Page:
Snow coats tree branches along a tote road in Branch Lake Public Forest on Nov. 30, in Ellsworth. Credit: Courtesy of Aislinn Sarnacki

This season’s first snow was a sparkling surprise, sneaking in overnight and covering the landscape with a fluffy white blanket. Then, the next day, it snowed again. And instead of melting right away — as first snows like to do — it hung around for a few days.

All of a sudden, it was crucial that I find my ice scraper and snow shovel. And as someone who enjoys hiking year round, I also needed to unearth all of my winter hiking gear.

Winter hiking is a lot like hiking during any other season. But in Maine, you need a few more pieces of clothing and gear to make the activity comfortable and safe.

To kick off the snowy, icy season, I decided to take my dog Juno on an easy hike right down the road from our home. My goal was to enjoy a quiet, snowy forest. No windswept mountaintops or rocky beaches. Just wintery woods.

While hastily preparing for the short hike, it dawned on me that my transition from fall hiking to winter hiking might give readers some holiday gift ideas.

It all started with my base layers (also known as long johns or long underwear). My first line of defense against the cold, the thin pants and long-sleeve shirt are made of merino wool. They cost a pretty penny, but they’re surprisingly warm and durable.

Base layers act like a second skin. They trap in heat and wick away sweat. Often they’re made of soft wool or synthetic materials. If you’ve never invested in a set, I highly suggest it (especially the pants). My base layers allow me to wear a lot of my fall hiking clothes during the winter because they add so much warmth to my outfit.

Dressing for winter hiking is all about layers.

On top of my base layers, I wore water-resistant wind pants, thick wool socks and a fleece jacket under a thin down coat. I also wore thin, down-stuffed gloves and a wool hat.

The forecast was sunny with a high of 30 degrees, so I knew I didn’t need to wear my warmest gear. The bulky mittens, ski jacket and fur-lined hat could stay home.

Into my backpack, I stuffed an extra pair of socks (which can also serve as mittens in a pinch) and chemical hand warmer packets (just in case my fingers or toes got cold). My pack already contained the typical safety, first aid and navigation gear that I always carry.

When I reached the front door, I rooted around in the coat closet for a pair of ice cleats to fit over my hiking boots. I also popped on a pair of gaiters, which are pieces of waterproof fabric that wrap around your ankles, bridging the gap between your boots and pants. They prevent snow from sneaking into the top of your boots, and they help keep your ankles toasty warm.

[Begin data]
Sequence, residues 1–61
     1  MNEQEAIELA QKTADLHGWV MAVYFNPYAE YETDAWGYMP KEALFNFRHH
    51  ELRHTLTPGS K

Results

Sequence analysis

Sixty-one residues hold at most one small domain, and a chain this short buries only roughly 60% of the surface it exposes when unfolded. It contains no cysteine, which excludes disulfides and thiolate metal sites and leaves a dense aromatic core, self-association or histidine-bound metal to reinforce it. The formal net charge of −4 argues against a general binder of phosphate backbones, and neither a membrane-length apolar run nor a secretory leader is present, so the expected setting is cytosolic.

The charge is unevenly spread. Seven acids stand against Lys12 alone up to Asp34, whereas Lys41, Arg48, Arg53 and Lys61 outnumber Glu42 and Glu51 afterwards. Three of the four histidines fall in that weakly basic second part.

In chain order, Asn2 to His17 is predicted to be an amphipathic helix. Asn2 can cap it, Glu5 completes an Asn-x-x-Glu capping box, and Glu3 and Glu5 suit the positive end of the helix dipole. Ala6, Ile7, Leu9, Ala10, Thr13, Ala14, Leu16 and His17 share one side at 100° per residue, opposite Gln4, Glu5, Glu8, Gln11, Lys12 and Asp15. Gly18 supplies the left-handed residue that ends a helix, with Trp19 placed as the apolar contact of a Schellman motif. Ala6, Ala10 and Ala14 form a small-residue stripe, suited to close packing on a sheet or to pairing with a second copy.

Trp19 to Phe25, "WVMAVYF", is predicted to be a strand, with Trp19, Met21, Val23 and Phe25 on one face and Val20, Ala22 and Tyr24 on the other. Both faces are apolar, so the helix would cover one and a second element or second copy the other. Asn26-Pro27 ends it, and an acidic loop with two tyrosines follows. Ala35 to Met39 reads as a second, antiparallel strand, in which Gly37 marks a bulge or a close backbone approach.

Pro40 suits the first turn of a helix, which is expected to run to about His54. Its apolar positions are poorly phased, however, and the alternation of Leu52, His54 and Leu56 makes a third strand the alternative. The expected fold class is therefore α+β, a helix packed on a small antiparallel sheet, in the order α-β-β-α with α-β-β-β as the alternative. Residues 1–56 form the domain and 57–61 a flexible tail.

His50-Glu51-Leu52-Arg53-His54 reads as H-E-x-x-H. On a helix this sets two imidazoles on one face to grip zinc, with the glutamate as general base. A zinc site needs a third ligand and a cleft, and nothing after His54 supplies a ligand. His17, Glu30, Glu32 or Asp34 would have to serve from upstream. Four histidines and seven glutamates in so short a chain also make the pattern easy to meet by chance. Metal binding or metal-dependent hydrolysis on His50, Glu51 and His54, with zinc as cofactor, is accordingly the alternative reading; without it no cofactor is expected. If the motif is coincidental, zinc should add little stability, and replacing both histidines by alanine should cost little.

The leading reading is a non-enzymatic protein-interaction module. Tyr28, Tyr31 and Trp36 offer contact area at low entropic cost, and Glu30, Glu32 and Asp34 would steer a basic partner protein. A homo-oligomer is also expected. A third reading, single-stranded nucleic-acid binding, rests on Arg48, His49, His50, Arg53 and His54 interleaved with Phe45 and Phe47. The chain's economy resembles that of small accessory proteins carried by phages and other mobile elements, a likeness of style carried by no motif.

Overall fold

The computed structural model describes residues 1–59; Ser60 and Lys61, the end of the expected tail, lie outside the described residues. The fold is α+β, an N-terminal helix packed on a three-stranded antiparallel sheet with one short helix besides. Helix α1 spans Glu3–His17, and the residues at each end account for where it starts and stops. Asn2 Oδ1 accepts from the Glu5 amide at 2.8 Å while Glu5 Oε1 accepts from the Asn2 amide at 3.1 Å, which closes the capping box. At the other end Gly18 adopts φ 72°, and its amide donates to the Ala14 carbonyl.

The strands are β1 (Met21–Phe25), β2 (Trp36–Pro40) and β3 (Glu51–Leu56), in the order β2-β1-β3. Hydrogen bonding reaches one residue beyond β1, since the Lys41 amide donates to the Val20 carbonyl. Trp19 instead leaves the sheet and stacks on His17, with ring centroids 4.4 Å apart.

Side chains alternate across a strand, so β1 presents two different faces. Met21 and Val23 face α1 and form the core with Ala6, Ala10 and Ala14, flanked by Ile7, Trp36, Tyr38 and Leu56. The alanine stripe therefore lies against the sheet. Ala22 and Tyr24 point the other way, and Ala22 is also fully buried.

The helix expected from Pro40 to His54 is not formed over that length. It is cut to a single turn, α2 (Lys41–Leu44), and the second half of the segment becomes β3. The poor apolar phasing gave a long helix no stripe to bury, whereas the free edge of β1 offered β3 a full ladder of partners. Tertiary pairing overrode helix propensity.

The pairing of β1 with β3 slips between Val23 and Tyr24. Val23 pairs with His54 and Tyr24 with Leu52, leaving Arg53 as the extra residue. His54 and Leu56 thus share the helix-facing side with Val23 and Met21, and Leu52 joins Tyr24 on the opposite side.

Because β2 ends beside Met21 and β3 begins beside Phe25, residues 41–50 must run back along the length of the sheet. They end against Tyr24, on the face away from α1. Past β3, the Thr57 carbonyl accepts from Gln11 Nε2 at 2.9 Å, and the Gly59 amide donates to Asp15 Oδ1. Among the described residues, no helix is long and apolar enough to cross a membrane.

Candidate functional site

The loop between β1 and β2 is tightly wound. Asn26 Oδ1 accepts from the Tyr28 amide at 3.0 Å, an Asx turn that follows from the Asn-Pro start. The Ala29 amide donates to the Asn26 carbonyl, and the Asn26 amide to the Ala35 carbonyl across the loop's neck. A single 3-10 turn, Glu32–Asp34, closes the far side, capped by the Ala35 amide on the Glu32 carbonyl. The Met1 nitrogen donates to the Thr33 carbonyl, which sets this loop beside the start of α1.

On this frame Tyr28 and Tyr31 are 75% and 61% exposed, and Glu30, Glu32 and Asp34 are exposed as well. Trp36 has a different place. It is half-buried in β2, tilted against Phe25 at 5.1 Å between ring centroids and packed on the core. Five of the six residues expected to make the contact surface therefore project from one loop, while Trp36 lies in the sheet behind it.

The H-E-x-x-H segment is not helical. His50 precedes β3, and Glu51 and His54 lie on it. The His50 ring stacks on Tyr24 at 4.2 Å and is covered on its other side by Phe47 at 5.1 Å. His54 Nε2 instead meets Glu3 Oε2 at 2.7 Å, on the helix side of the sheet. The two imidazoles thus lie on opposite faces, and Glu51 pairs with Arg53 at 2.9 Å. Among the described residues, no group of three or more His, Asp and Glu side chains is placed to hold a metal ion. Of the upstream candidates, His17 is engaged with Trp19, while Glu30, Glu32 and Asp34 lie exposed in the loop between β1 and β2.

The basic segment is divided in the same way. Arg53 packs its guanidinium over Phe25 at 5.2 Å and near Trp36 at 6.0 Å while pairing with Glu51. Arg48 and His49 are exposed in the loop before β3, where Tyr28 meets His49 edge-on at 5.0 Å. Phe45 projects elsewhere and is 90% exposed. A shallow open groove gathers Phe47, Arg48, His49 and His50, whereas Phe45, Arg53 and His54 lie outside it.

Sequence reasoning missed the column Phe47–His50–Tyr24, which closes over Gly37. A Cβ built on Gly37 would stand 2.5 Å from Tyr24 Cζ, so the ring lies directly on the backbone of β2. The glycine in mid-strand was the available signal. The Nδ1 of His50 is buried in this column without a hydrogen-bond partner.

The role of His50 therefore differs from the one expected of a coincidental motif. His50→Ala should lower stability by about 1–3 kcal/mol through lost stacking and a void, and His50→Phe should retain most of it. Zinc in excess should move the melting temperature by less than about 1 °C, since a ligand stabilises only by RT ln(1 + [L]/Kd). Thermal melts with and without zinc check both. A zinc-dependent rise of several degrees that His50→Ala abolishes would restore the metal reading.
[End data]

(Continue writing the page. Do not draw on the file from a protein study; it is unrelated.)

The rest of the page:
When I first started winter hiking and snowshoeing, I thought gaiters were overkill. But over the years I’ve grown to appreciate them. They really do add that extra bit of comfort while protecting your ankles and feet.

The snow was just a few inches deep, so I knew I wouldn’t need snowshoes or poles. There would be plenty of time for that later in the season.

The hike was everything I’d hoped: snowy, icy, sunny and quiet. I parked partway down the 1-mile gravel access road to Branch Lake Public Forest, off to the side, then walked to the parking lot at the end. (The road wasn’t plowed and I was nervous that I’d get stuck.)

At the parking lot, we walked around a closed gate to follow a tote road, which led to more than 2.5 miles of marked hiking trails. Consulting the trail map posted at the gate (and at several of the intersections), I decided to follow the Pine Trail to the Lake Loop, which brought us to the windy shore of Branch Lake.

Based on Juno’s excited behavior, I think she enjoys the winter more than any other season. I guess that makes sense, considering she’s half husky. She kept rolling onto her back to thrash around in the snow. She also did a lot of digging, rooting around with her nose and dashing under snow-laden tree branches. I had to keep reminding her that I was attached to the other end of the leash, not a sled that she needed to pull.

During the walk, I noticed boot tracks and dog prints from at least one other visitor. We also spotted (and Juno sniffed at) fresh deer tracks. And we listened to a few chickadees. But for the most part it was just the trees, the snow and us.

Due to my careful consideration about clothing and gear, I was perfectly warm and didn’t slip on the ice. But if I’d failed to wear a hat or ice cleats, it would have been a different experience.

So, if you’re buying gifts for someone who’s looking to get outdoors this winter, there are a lot of options. Here are just a few more tips.  

If you’re buying a knit hat, try finding one that’s lined with fleece for extra warmth and protection from the wind. If the gift recipient often has cold hands, opt for insulated mittens paired with chemical hand warmer packs. And for extra cold days, a balaclava or neck gaiter is great for protecting the face.

I wouldn’t worry too much about buying them something they already have. I always appreciate extra gear. That way, I can share with friends and enjoy a little company on the snowy trails.

Aislinn Sarnacki

Aislinn Sarnacki is a Maine outdoors writer and the author of three Maine hiking guidebooks including “Family Friendly Hikes in Maine.” Find her on Twitter and Facebook @1minhikegirl. You can also...